I'm trying to take an image that was designed in SolidWorks and exported as an AI file and make it two colors only.

I'm using a manufacturing process using UV light so the areas I'm cutting away need to be transparent whilst the other areas need to be completely black.

The problem is there is a slight Color variations along some of my edges. As these will print as tones of gray it can drastically ruin my part. Is there a simple way to eliminate the issue?

I tried a color selection and that did not work

  • 2
    Welcome to GD.SE? Why not do this in illustrator? Image would help.
    – joojaa
    Commented May 28, 2015 at 18:15
  • Bring it into illustrator select your first color then in illustrator go to select/same>color and then change the color to the color you would like. Do the same for the other color. This should eliminate the banding. If not you could try changing the background color to white or black and see if that hides the banding. If you can try posting the file or a picture Commented May 28, 2015 at 18:21
  • 1
    Is everything vector? If so why on earth are you using Photoshop? Did you disable anti-aliasing in the preferences?
    – Scott
    Commented May 28, 2015 at 20:01
  • Treshold would do it if yu for some reason wont use illustrator
    – joojaa
    Commented May 29, 2015 at 16:09

4 Answers 4


If you will require best result in two color variation for print on vector image.

  1. Either recreate this transparent vector image in AI/Corel
  2. IF Photoshop is a mandatory base, refer to following link for smoothing and redefining the edges to get the good but not the best result.



While I agree that a vector-based solution would probably be the way to go if possible, I'll offer an answer that should work if you must use Photoshop.

Because it sounds like the two colors you're talking about are black and transparent, the solution I have in mind is pretty simple:
Convert your image to Bitmap Mode (Image>Mode>Bitmap). Select 50% threshold to prevent any dithering. In bitmap mode, all pixels are forced to become either "1" (black) or "0" (white), forcing all gray pixels to one extreme or the other. Note: You may have to convert to grayscale first, if bitmap is dimmed in the menu. When a bitmap mode image is saved as a TIFF, many applications automatically ignore the white pixels, making that portion transparent. If this is not the case for you, simply convert it back to grayscale (size ratio of 1), then to RGB and save the result as a transparent PNG.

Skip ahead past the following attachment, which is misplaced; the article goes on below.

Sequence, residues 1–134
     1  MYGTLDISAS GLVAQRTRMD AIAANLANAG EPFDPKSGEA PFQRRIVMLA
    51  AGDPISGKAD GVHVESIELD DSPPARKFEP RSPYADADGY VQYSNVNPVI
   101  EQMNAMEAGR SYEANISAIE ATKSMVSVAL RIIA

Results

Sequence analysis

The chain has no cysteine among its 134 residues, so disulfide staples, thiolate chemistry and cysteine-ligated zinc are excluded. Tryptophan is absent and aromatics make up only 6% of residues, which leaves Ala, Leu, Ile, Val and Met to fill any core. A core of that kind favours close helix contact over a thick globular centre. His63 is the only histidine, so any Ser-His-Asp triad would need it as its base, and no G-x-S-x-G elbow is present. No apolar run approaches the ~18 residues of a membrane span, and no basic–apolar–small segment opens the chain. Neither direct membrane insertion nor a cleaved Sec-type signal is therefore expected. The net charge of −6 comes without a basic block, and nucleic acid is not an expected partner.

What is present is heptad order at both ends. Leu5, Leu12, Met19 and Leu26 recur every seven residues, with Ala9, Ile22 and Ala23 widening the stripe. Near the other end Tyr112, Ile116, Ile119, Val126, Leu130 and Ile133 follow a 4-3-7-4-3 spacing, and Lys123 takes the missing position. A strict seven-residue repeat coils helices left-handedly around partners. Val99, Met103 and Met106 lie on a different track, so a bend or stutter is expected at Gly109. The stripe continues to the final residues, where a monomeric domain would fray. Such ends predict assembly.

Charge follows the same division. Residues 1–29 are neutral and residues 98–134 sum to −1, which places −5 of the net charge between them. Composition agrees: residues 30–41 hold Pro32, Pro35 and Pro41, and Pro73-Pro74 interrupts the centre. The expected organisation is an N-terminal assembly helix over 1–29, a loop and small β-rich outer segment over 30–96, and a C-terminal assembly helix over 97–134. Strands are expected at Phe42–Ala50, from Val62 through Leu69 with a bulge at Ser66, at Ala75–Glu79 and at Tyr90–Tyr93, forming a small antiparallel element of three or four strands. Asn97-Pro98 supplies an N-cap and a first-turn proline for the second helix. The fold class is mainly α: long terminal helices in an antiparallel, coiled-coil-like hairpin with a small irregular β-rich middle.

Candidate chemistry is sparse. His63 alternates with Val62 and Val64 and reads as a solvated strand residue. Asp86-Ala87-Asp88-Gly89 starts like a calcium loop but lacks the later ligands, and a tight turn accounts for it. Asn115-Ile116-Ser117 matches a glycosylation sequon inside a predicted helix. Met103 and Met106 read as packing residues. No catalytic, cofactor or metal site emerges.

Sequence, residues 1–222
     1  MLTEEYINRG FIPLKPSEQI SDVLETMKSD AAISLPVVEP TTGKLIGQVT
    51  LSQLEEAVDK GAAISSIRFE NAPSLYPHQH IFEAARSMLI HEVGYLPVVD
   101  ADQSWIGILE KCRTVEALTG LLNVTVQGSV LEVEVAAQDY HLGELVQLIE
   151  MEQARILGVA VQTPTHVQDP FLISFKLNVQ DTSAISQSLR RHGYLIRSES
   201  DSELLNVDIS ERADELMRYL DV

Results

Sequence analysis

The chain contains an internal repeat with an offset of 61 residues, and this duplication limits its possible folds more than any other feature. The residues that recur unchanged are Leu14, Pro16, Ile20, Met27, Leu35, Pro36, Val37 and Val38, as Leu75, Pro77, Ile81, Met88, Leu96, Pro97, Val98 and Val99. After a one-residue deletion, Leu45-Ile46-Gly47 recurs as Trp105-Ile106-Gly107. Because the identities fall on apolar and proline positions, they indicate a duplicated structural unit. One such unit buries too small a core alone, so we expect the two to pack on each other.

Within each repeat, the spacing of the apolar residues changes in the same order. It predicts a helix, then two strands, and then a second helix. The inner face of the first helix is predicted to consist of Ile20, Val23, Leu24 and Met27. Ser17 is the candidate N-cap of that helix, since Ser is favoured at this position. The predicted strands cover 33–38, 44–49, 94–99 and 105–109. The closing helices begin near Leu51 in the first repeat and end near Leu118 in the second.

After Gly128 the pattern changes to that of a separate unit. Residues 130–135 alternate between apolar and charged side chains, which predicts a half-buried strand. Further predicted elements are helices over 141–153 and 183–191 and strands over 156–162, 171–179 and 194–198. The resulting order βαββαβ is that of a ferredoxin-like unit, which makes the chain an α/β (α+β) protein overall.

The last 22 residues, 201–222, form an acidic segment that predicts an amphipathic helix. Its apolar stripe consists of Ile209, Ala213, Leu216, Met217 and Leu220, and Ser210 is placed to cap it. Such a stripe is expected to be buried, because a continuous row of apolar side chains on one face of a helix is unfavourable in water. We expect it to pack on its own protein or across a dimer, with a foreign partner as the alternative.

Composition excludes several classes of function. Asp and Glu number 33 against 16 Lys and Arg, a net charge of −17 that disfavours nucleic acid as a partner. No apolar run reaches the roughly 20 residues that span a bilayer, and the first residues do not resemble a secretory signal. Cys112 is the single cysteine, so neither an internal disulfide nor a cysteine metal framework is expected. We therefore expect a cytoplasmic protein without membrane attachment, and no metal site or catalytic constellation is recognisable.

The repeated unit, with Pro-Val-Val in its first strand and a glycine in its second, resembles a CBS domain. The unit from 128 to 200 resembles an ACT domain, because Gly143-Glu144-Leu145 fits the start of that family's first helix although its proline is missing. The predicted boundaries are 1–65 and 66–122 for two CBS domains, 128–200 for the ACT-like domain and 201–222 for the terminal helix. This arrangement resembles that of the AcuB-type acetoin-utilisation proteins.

If you have a lot of images that require this treatment, they could be easily converted via batch script.


There are two options I would try, or possibly both: Posterize & Refine Edge.

Posterize, found under (Image > Adjustments > Posterize), limits the number of colors in an image. Although your goal is to reach 2 colors, 4 should greatly reduce noise. Then use Color Range and refine edge. Read the explanation for each option in refine edge as the options are not intuitive. You should then have a decent image to live trace in Illustrator or Corel.

If you are still having trouble, or absolute precision is required you may have to recreate the image in Illustrator.


Is everything vector? If so why on earth are you using Photoshop? – Scott May 28 at 20:01


If it is a manufacturing process you need+should do it in vector format. If the exported image is raster you should vectorize it again.

The only walk arround would be that you exported a raster image in real size at 600 ppi at least (1200 ppi would be good, 2400 ppi ideal). This way you could convert it into monocromatic bitmap.

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